ON a dizzying night in December some 13 million viewers watched Joe McFadden lift the Strictly glitterball.
Winning the show, at a stroke, made the former Holby City star the hottest name in showbiz.
However, it was anything but an overnight success as the Glaswegian actor’s first steps to glory were taken exactly 30 years ago.
And he’s told iN10 how he’ll never forget his earliest days, cringing when he recalls an early role in Taggart.
Joe was just 12 when he got the part in the iconic STV cop show.
“I was really lucky to get that job because you’ve no idea what you want to do at that age,” says Joe.
“As a kid in Glasgow, going to the school I did, I didn’t know anyone who had acted before.
“Taggart was such a huge show that I just remember being in awe of everyone. It was Mark McManus, Jim McPherson and Blythe Duff.
“We were filming at the Glasgow Garden Festival in 1988 and it was so exciting. There was actually a wrap party on a boat, which was amazing.
“Now I look back and think how awful I was. You see young actors now that are amazing in shows like Stranger Things but back then I’d never really thought about how to act.
“People post clips of it and I can’t bear to watch.”
It was the best part of a decade before the young Scot really reckoned acting was something that could be a long-term viable career.
By that time he had spent five years on the shores of Loch Lomond learning his trade as Gary McDonald in the soap Take The High Road.
And acclaimed BBC drama The Crow Road, based on Iain Banks’ book, helped set Joe on his way.
“I can still remember reading the scripts and being so hooked,” he recalls. “To work with Bill Paterson and Peter Capaldi was amazing, but I did think I was going to get shown up as I still didn’t really know what I was doing next to them.
“It was so well received and people still come up to me in the street 20 years on and say they enjoyed it.”
Self-effacing, engaging and open, Joe is every bit as easy going in person as he was every week on Strictly.
His routines with professional partner Katya Jones won over the nation until he made the final and eventually came out on top over Debbie McGee, Alexandra Burke and Gemma Atkinson.
On that magical Saturday night he was probably the most famous person in the country. “I suppose I was,” he concedes, before moving things on with an embarrassed laugh. The day itself, he insists, wasn’t as nerve-racking as you might imagine.
“It was actually a really nice day. We were having to do three dances, so we were all a bit exhausted.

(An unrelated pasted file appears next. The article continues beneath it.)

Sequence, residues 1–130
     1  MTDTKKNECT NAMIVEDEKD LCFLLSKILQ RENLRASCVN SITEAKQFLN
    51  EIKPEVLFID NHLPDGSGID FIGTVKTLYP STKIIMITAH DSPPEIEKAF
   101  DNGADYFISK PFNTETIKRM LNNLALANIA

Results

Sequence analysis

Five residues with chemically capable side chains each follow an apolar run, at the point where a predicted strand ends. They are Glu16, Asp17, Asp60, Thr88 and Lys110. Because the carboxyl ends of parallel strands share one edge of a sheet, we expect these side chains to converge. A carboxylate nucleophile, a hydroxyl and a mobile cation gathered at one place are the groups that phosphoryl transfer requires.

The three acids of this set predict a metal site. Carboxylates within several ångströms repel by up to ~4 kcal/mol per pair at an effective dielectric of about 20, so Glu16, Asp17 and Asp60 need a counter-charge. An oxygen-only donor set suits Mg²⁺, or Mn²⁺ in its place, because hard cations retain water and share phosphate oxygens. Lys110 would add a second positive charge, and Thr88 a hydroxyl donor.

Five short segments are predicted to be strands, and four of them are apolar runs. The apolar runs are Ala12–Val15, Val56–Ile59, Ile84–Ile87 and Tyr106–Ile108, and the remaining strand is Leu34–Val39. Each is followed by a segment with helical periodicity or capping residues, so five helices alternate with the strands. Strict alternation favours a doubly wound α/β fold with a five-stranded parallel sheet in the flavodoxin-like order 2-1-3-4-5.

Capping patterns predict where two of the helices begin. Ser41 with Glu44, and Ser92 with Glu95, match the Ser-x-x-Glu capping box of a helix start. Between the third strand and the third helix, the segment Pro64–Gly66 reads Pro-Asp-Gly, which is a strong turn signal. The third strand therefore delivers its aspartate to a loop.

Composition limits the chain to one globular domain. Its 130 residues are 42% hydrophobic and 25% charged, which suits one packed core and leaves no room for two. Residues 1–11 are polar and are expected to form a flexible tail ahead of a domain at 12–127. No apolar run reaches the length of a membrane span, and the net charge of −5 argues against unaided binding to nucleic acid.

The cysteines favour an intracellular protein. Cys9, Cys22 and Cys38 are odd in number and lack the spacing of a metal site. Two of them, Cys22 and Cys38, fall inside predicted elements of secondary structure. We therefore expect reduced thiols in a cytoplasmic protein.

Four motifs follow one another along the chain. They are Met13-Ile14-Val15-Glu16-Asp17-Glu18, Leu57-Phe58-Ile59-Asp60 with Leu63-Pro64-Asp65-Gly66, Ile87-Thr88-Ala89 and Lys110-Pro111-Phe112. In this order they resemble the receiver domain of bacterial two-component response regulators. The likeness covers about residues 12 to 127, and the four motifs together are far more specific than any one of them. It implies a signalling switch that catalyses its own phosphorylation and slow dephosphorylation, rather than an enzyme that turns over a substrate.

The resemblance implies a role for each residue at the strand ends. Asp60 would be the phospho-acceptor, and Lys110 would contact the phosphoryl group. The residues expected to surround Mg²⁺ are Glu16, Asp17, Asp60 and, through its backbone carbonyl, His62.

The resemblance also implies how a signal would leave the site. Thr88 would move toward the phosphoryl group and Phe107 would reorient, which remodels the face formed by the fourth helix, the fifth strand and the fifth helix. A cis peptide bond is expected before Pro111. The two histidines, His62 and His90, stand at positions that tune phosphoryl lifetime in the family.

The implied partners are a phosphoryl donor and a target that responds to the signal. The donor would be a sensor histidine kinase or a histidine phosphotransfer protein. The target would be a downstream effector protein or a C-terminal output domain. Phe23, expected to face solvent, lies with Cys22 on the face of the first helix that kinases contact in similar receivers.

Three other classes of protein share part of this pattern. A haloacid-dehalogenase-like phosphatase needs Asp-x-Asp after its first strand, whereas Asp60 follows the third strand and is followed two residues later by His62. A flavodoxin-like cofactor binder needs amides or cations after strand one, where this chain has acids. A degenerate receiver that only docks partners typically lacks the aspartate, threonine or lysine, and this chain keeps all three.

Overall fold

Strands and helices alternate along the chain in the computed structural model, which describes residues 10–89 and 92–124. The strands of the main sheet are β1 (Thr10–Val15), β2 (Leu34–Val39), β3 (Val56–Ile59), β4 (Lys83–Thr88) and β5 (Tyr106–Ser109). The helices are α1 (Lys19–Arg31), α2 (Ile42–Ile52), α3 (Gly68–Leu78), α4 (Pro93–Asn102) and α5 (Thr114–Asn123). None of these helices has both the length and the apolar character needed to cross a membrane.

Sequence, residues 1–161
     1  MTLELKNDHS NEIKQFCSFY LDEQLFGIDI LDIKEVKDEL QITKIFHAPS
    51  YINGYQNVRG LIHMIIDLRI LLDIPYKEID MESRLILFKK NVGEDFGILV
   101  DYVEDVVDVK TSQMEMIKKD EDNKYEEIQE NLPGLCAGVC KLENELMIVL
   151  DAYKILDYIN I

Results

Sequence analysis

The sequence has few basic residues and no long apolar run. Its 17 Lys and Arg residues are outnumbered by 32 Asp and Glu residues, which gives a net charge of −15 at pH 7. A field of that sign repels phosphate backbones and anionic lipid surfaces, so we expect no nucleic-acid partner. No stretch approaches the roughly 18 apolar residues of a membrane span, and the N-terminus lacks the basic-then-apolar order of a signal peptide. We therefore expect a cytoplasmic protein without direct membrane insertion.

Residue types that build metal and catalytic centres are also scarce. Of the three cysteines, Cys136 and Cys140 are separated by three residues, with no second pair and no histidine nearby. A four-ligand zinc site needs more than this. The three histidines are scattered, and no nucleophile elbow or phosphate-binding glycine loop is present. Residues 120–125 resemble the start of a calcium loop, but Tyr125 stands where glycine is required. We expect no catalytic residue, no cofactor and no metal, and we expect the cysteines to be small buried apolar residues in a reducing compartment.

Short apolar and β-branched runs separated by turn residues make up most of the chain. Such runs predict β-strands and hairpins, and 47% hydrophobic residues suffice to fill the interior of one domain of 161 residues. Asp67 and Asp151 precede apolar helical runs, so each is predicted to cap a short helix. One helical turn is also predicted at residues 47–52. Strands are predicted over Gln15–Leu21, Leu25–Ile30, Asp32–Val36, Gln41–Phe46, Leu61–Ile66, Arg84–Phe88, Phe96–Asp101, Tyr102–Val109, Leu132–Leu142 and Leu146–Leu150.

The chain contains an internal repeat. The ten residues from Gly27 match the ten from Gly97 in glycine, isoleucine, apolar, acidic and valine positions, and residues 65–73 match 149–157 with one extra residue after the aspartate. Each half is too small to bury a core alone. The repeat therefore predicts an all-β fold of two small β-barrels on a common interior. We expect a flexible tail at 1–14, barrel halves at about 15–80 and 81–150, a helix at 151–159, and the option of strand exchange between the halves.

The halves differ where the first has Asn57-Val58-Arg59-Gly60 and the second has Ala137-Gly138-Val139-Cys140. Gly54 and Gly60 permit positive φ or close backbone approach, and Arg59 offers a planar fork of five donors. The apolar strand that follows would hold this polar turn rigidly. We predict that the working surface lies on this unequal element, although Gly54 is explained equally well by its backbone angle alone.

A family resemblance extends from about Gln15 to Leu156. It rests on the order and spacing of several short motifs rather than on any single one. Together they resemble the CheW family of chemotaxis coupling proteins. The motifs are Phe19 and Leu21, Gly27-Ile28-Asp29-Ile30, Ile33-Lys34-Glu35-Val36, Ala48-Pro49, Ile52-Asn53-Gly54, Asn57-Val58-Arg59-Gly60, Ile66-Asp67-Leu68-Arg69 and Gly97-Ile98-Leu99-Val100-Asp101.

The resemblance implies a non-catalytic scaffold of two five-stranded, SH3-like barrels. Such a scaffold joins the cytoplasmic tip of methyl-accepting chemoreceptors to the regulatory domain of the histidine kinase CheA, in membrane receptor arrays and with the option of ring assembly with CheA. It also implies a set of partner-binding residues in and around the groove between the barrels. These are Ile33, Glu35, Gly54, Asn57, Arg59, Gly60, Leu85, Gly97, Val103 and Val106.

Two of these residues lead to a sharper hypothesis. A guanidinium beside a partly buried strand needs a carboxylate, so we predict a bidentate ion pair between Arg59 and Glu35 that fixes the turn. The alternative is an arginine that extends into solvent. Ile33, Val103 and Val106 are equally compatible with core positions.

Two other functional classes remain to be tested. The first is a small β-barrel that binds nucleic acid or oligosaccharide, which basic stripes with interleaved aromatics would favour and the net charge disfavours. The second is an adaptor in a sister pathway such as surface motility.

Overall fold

“I felt it was going to be a great show. I was proud just to get to go out there with the other three finalists as their level of dancing was phenomenal.”
While his ever more spectacular routines had seen Joe installed as the bookies’ favourite, not once did he ever think he was going to win.
“I think you could tell that from my reaction when we actually won it,” he reveals. “Every single Monday when I was shown the steps I thought this was the week I was going home because I couldn’t do it. And if people had seen the dance on the Monday they would have said the same thing.
“It was such a steep learning curve with a whole new set of challenges. To be expected to go out and do it on a Saturday night felt completely overwhelming.
“Each week I’d prepare my exit speech as I was sure I’d be going home.”
Even the famous cantilever move in the Argentine tango – where Katya lifted him from the floor – was “really risky because it had gone wrong a lot of the time in rehearsals”.
But Joe’s dedication and world champion Katya’s refusal to accept anything but perfection drove the pair on to glitterball glory.
The pair have been happily reunited for the Strictly Come Dancing Live Tour which started on Friday.
Joe’s three fellow finalists as well as Susan Calman, Davood Ghadami and Jonnie Peacock will be performing alongside him at big arenas all across the country.
Craig Revel Horwood, Bruno Tonioli and Darcey Bussell will be doing the judging.
It includes four shows at the SSE Hydro in Glasgow from February 2 to 4.
“It’s such a great spectacular with Craig directing it,” says Joe.
“Seeing the people who voted for us is lovely as is getting together with everyone again.
“Glasgow is the venue I’m looking forward to the most as all the pro dancers always say the audience there is the best.”
There is, of course, a real homecoming feeling for Joe who says he’d love to get back working with the National Theatre of Scotland again or fulfil a dream of appearing at the Citizens Theatre in Glasgow now he’s left Holby City.
He doesn’t get back to Glasgow as often as he’d like but his passion for his home town shines through, something that was evident when he paid a visit to his old school during the Strictly run.
Holyrood Secondary in Glasgow was where it all began with drama teacher Camille Skilling recommending him for the Taggart role.
“It was funny being back,” he adds.
“My dad used to live opposite the main gates and I’d looked in for years wondering what it was like and whether it was any different.
“It had changed a bit, with a diner in the middle of the playground and a different uniform. But it’s still the same old place.
“It brought back lovely memories, wandering the corridors and thinking back to the plays I did. And people I was there with are still friends now in London.”
Strictly Come Dancing Live UK tour will be at the Glasgow SSE Hydro February 2 to 4. For tickets visit strictlycomedancinglive.com